Symphony

Cadence of Conflict: Asia, January 28, 2019

https://www.youtube.com/watch?v=a2oZOCSuIp8

The West ramped up rhetoric against China this past week. Even George "Socialist" Soros trashed the Chinese government, yet tried to court favor with the Chinese people. Such an attempt aims to divide government and people. Opinion pieces from renowned news outlets openly accuse China of aggression. We did not see such a harsh tone from the mainstream press in the West even one year ago. Today, it's becoming commonplace to bash China.

The US sent two Naval vessels through the Taiwan Strait this week. Now, the US is preparing extradition of the Huawei executive currently in Canadian custody. With threats of turning the tariffs back on, it should be more apparent that the US never planned to grant China any of its ambitions in the first place. Not only has the US been playing China like a flute, the Chinese haven't known—or have they?

Everyone seems to be biding time, both the US and China. China's main focus has been readying government and military. The US focus seems to have been public sentiment against China. Perhaps both sides have been playing each other, but the US has been making a play of its own—that we can see.

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Symphony

Cadence of Conflict: Asia, December 24, 2018

China detains two Canadians with remark and in the wake of a single Huawei executive's arrest. Given the surfacing connections the executive's family had to Mao, China likely views the value of arrested people as equally balanced; the West merely views China as having committed three criminal acts.

Huawei has gotten into more and more trouble the more it has been in the spotlight. Now, Europe even has its doubts. China's sources of money and influences are drying up more and more.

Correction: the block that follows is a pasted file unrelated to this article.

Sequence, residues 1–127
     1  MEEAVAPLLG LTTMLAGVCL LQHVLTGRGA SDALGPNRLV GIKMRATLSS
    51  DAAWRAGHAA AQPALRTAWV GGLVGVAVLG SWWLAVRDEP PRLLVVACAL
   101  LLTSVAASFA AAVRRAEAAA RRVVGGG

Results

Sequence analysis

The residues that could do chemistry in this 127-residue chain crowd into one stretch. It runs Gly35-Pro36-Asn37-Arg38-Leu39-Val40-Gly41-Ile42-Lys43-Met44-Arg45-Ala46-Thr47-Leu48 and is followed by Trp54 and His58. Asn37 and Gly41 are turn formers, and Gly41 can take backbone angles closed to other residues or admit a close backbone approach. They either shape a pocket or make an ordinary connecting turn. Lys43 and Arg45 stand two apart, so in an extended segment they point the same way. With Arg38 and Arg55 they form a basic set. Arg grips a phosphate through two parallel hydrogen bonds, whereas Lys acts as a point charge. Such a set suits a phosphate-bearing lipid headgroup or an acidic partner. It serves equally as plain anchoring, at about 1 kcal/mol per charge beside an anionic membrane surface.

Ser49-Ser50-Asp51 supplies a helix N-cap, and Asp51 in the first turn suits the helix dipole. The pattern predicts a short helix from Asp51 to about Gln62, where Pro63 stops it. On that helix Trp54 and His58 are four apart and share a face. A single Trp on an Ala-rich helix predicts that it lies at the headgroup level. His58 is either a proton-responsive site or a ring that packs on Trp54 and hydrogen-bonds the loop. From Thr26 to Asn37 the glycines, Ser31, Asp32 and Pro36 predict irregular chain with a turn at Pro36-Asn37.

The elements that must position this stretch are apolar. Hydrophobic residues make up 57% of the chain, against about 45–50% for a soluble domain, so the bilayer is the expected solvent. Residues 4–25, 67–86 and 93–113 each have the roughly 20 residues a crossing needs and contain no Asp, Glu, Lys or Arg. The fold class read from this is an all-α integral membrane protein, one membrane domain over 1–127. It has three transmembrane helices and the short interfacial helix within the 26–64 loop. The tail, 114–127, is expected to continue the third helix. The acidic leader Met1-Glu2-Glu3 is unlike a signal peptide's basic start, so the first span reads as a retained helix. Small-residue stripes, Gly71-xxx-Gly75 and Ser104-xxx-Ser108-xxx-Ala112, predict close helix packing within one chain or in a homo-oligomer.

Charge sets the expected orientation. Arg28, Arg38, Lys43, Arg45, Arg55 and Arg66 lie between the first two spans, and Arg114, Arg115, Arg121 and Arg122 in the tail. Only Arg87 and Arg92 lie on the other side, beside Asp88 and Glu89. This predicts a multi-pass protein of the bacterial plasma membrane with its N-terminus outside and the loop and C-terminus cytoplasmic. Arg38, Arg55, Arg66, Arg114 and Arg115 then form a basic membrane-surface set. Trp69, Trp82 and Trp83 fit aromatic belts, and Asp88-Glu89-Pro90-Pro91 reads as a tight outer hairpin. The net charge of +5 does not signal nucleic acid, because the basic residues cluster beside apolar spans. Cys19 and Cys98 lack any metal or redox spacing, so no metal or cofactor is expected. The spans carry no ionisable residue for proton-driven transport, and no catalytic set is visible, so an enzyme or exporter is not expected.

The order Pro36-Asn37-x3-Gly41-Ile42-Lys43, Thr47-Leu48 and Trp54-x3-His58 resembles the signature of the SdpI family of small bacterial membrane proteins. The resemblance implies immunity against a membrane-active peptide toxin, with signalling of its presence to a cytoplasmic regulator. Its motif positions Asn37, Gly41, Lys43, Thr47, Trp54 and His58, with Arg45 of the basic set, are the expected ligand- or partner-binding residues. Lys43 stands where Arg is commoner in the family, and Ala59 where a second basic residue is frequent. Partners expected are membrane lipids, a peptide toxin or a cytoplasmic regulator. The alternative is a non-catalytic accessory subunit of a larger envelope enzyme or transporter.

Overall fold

But, an opinion article from Bloomberg invariably proves that some car makers managed to keep their technology out of the hands of China—mainly by keeping it out of China until it was out of date. Moreover, China has made proposals within its government to allow foreign companies to keep their technology secret. So, that should end any and every doubt about what a wonderful place China is for any and all manufacturing.

On the military side, China is announcing that it is finally pursuing the same quiet submarine technologies that the US, Russia, and India are also pursuing. So, that's it. The West should give up because, after all, China is going to win.

The US, however, is in a different position. If China were to initiate a conflict with the US, say by attempting to assert control over Taiwan "by force if necessary", China might not get as much help from its rumored spy partner, Russia. Taiwan is unlike Crimea, which held a referendum with overwhelming favor to return to Russia. And, with the US out of Russian-interested territories, like Syria and Afghanistan, there is little Russia would have to object to in the US following its own law to defend Taiwan, already on the books. A recessed Congress is certainly willing.

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Cadence of Conflict: Asia, December 17, 2018